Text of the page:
Therefore, they merited the privilege of drawing down, for all subsequent generations of their descendants, forever, a nefesh, ruach, and neshamah from the ten holy sefirot of the Four Worlds of Atzilut, Beriah, Yetzirah, and Asiyah.3 In which of the Four Worlds, and from which sefirah within these Worlds, does the soul originate? Each individual—according to his level and according to his deeds.

וְעַל כֵּן זָכוּ לְהַמְשִׁיךְ נֶפֶשׁ־רוּחַ־נְשָׁמָה לִבְנֵיהֶם אַחֲרֵיהֶם עַד עוֹלָם מֵעֶשֶׂר סְפִירוֹת דִּקְדוּשָּׁה שֶׁבְּאַרְבַּע עוֹלָמוֹת אֲצִילוּת־בְּרִיאָה־יְצִירָה־עֲשִׂיָּה, לְכָל אֶחָד וְאֶחָד כְּפִי מַדְרֵגָתוֹ וּכְפִי מַעֲשָׂיו.

“His level” refers to the level of the root of his soul; “his deeds” refers to one’s efforts toward refining himself—as the Zohar states: “When one betters himself, he is given a higher order of soul.”

At any rate, even the unworthiest and most sinful Jews draw down, by their marital union, a nefesh from the level of nefesh of malchut d’Asiyah (“the Attribute of Royalty in the World of Action”).

וְעַל כָּל פָּנִים, אֲפִילוּ לְקַל שֶׁבְּקַלִּים וּפוֹשְׁעֵי יִשְׂרָאֵל נִמְשָׁךְ בְּזִיוּוּגָם נֶפֶשׁ דְּנֶפֶשׁ דְּמַלְכוּת דַּעֲשִׂיָּה,

This means to say that the union of every Jewish couple, no matter how low their spiritual level, brings forth a soul from, at the very least, the lowest level of holiness. This lowest level is nefesh d’malchut d’Asiyah, for Asiyah is the lowest of the Four Worlds, and malchut is the lowest sefirah within that World. Malchut itself is further composed of three levels—nefesh, ruach, and neshamah, nefesh being the lowest of the three. In addition, as we have seen in the previous chapters, the soul itself consists of the three levels of nefesh, ruach, and neshamah. Thus, one who has been given only a nefesh which stems from nefesh d’malchut d’Asiyah has the lowest order of soul deriving from the lowest level in the spiritual hierarchy—as the Alter Rebbe now goes on to say.

This is the lowest level of holiness in the world of Asiyah.

שֶׁהִיא מַדְרֵגָה הַתַּחְתּוֹנָה שֶׁבִּקְדוּשַּׁת הָעֲשִׂיָּה.

Yet, since [malchut] is one of the ten holy sefirot, and since holiness is the realm of unity, where every level is comprised of all the other levels, perforce

וְאַף־עַל־פִּי־כֵן, מֵאַחַר שֶׁהִיא מֵעֶשֶׂר סְפִירוֹת קְדוֹשׁוֹת,

it (the lowest level in Asiyah) is compounded of all the other levels in Asiyah, including chochmah d’Asiyah (“Wisdom of the World of Action”), the highest sefirah in Asiyah.

הִיא כְּלוּלָה מִכּוּלָּן, גַּם מֵחָכְמָה דַעֲשִׂיָּה,

Within [chochmah d’Asiyah] is clothed chochmah d’malchut d’Atzilut (“Wisdom of Royalty in the World of Emanation”).

שֶׁבְּתוֹכָהּ מְלוּבֶּשֶׁת חָכְמָה דְּמַלְכוּת דַּאֲצִילוּת,

As the author explains in ch. 52, the sefirah of malchut d’Atzilut clothes itself in, and illuminates, the World of Asiyah. Since malchut d’Atzilut contains all the sefirot of Atzilut, the illumination of Asiyah by malchut thus means that each sefirah of Atzilut as it is contained in malchut d’Atzilut garbs itself in the corresponding sefirah of Asiyahchochmah d’malchut d’Atzilut in chochmah d’Asiyah, binah d’malchut d’Atzilut in binah d’Asiyah, and so forth.

In chochmah d’malchut d’Atzilut is clothed chochmah d’Atzilut, since all the sefirot of Atzilut incorporate each other, which, in turn, is illuminated by the actual light of the blessed Ein Sof,

שֶׁבְּתוֹכָהּ חָכְמָה דַאֲצִילוּת, שֶׁבָּהּ מֵאִיר אוֹר־אֵין־סוֹף בָּרוּךְ־הוּא מַמָּשׁ,

as it is written, “G‑d, in His wisdom, founded the earth”4; the words “G‑d in His wisdom” show that the light of the Ein Sof illuminates the sefirah of chochmah, while the words “wisdom founded the earth” indicate that chochmah is clothed in malchut, which is called “earth” (for, like the earth, malchut is the lowest level in its hierarchy); and it is further written, “In wisdom you have made them all”5 (the word “made” indicating that chochmah is clothed in Asiyah—action).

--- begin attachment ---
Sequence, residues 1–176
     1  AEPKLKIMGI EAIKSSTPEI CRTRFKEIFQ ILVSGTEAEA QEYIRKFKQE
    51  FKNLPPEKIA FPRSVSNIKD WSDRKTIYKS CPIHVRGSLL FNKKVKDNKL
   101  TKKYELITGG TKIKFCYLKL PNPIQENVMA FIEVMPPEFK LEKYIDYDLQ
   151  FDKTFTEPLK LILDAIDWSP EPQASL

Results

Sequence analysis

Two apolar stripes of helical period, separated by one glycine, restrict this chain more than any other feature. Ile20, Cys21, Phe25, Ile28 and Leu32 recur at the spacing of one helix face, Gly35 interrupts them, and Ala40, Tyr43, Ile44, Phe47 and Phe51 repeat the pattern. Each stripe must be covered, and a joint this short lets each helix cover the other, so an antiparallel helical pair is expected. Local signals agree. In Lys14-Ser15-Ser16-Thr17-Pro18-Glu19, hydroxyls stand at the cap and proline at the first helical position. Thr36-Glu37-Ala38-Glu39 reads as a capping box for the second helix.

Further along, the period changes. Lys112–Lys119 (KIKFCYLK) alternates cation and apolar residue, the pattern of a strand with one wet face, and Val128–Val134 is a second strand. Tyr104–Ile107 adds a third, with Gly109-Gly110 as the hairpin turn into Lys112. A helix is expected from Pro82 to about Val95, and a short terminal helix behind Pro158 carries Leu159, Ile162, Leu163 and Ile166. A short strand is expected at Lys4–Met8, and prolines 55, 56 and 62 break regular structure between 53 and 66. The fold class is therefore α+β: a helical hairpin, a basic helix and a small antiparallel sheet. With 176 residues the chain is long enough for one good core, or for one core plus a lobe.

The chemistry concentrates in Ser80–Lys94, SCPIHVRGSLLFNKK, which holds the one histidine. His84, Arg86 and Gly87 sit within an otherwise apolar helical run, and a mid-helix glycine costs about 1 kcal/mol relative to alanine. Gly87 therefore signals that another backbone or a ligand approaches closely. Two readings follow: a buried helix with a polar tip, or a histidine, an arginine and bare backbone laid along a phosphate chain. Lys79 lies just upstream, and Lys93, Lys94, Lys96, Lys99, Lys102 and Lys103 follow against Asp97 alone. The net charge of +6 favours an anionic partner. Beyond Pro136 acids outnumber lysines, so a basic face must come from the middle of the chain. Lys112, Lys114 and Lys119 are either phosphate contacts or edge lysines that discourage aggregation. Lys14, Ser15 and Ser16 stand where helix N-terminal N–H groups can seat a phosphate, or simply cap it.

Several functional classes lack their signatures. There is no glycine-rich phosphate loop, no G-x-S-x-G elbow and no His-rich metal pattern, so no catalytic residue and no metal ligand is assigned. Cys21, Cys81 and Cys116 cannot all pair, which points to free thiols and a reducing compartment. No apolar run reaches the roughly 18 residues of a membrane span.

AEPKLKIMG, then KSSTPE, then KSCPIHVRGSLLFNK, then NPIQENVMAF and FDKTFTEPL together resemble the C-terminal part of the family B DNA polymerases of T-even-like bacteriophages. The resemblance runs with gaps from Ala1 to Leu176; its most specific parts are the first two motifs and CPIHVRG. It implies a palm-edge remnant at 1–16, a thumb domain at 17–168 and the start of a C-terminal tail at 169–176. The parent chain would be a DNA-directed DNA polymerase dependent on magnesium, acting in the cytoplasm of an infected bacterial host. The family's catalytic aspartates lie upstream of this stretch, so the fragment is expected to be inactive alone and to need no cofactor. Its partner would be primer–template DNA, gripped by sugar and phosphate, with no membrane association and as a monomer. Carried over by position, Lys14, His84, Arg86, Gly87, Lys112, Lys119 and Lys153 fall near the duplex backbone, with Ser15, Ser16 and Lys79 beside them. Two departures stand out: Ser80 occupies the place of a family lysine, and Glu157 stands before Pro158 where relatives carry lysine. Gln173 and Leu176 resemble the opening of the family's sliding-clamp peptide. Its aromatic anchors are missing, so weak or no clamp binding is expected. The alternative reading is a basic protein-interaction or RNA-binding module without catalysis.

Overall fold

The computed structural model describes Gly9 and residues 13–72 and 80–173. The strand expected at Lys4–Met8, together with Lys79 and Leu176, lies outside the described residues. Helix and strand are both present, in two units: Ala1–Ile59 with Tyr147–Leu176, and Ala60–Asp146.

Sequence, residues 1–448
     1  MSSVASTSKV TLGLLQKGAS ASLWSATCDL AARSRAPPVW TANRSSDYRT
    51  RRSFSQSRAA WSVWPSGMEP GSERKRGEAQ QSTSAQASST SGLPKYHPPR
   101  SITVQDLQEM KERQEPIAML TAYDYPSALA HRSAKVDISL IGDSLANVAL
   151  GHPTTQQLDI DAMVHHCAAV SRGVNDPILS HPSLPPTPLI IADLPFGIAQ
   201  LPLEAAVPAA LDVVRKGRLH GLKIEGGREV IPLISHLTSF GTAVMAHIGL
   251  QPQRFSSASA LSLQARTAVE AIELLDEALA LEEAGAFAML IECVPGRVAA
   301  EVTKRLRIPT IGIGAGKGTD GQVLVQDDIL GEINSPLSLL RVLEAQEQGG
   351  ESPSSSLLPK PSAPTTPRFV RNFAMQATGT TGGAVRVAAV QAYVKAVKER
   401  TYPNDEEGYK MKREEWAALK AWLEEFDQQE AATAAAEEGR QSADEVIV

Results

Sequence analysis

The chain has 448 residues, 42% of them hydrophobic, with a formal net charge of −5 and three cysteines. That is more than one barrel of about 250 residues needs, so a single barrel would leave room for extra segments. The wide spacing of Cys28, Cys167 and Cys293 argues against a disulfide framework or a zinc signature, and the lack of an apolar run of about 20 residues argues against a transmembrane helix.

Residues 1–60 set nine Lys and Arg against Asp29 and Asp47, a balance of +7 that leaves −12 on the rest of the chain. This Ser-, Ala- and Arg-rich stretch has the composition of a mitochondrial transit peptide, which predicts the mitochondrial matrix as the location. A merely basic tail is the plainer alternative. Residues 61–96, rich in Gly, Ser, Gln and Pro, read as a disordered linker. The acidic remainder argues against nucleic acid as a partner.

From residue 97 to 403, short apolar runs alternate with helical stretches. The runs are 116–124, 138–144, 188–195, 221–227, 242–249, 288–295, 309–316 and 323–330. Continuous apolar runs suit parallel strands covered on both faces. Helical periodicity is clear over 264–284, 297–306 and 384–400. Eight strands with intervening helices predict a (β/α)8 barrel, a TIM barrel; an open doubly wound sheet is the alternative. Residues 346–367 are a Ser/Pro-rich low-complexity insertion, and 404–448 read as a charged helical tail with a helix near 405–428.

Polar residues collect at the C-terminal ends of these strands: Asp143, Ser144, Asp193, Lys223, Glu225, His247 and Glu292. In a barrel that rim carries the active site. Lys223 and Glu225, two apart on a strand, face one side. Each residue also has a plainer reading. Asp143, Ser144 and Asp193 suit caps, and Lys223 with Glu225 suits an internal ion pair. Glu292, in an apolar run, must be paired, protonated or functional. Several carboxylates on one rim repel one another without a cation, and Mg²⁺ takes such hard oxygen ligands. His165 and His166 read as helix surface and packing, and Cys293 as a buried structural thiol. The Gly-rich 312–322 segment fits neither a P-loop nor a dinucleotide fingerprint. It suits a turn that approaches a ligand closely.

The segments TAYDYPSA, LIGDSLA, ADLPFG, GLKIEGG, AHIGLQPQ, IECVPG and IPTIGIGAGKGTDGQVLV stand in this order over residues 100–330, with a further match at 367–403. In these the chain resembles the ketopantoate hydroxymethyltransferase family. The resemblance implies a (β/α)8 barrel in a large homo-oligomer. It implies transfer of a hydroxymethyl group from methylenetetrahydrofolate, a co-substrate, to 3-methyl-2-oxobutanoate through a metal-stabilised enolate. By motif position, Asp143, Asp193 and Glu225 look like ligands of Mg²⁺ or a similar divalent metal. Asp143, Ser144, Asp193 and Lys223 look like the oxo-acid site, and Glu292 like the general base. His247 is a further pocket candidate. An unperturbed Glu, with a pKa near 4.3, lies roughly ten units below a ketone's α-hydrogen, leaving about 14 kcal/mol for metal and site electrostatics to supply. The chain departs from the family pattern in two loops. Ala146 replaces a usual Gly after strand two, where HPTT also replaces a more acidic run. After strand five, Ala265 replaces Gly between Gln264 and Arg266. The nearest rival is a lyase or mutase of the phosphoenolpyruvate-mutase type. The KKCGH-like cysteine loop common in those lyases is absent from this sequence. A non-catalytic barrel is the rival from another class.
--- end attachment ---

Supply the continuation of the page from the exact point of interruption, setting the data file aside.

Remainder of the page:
כְּדִכְתִיב: "ה' בְּחָכְמָה יָסַד אָרֶץ", וְ"כּוּלָּם בְּחָכְמָה עָשִׂיתָ".

Thus, we see that the light of the blessed Ein Sof is garbed in the faculty of wisdom in the human soul of whatever sort of a Jew he may be. (Further in the chapter, the Alter Rebbe explains why it is the faculty of wisdom in the soul that receives the illumination of the Ein Sof.)

וְנִמְצָא, כִּי אֵין־סוֹף בָּרוּךְ־הוּא מְלוּבָּשׁ בִּבְחִינַת חָכְמָה שֶׁבְּנֶפֶשׁ הָאָדָם – יִהְיֶה מִי שֶׁיִּהְיֶה מִיִּשְׂרָאֵל,

In turn, the soul’s faculty of wisdom, together with the light of the blessed Ein Sof that is garbed in it, suffuses all the levels of the soul in its entirety, from head to foot, as it were, i.e., from the highest level of the soul to the lowest, to animate them with G‑dly vitality,

וּבְחִינַת הַחָכְמָה שֶׁבָּהּ, עִם אוֹר־אֵין־סוֹף בָּרוּךְ־הוּא הַמְלוּבָּשׁ בָּהּ, מִתְפַּשֶּׁטֶת בְּכָל בְּחִינוֹת הַנֶּפֶשׁ כּוּלָּהּ, לְהַחֲיוֹתָהּ מִבְּחִינַת רֹאשָׁהּ עַד בְּחִינַת רַגְלָהּ,

as it is written, “Wisdom gives life to those who possess it”6the soul, which possesses the faculty of wisdom, receives its life by means of this faculty, as stated above.

כְּדִכְתִיב: "הַחָכְמָה תְּחַיֶּה בְעָלֶיהָ".

(7At times, the sinners of Israel may even bring down for their children very lofty souls which had been in the depths of the kelipot, as is explained in Sefer Gilgulim.8)

[וְלִפְעָמִים מַמְשִׁיכִים פּוֹשְׁעֵי יִשְׂרָאֵל נְשָׁמוֹת גְּבוֹהוֹת מְאֹד שֶׁהָיוּ בְּעִמְקֵי הַקְּלִיפּוֹת, כְּמוֹ שֶׁכָּתוּב בְּסֵפֶר גִּלְגּוּלִים]:

A soul that has fallen captive in the hands of the kelipot remains in this state until the kelipot release it of their own will. Anything in the hold of the kelipot cannot be wrested from them against their will, for the principle that “G‑d does not make unjustifiable demands of His creations”9 holds true even with regard to kelipot. In the case of a child to be born to sinful parents, the kelipot willingly release the soul in the hope that such a child will be influenced by its parents and will become a sinner like them. In this way, the kelipot stand to extract an even greater measure of vitality from the holiness of the soul by means of its eventual sins. However, having such a lofty soul, the child is able to overcome the obstacles imposed by its parents’ wickedness and may rise to the level of a tzaddik. In this way, paradoxically, it comes to pass that a tzaddik may be born to wicked parents because of their wickedness.10

Returning to his original point, that every Jew has a soul which stems from the holy sefirot and that ultimately each soul is animated by the light of the Ein Sof by way of the soul’s faculty of wisdom (chochmah), the Alter Rebbe now goes on to explain why it is chochmah that is the original recipient of the light of the Ein Sof. The explanation is based on a discussion of the nature of the soul’s faculty of wisdom, which now follows: